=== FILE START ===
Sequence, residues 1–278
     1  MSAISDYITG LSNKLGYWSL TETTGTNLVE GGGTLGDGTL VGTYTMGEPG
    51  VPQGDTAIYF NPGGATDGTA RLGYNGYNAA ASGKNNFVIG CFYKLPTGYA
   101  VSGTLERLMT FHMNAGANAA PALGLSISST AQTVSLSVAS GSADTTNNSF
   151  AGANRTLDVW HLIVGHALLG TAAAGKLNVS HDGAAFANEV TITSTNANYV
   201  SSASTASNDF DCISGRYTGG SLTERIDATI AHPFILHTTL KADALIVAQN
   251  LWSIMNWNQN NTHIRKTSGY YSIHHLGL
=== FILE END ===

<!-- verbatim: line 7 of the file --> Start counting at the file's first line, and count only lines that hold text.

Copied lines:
   251  LWSIMNWNQN NTHIRKTSGY YSIHHLGL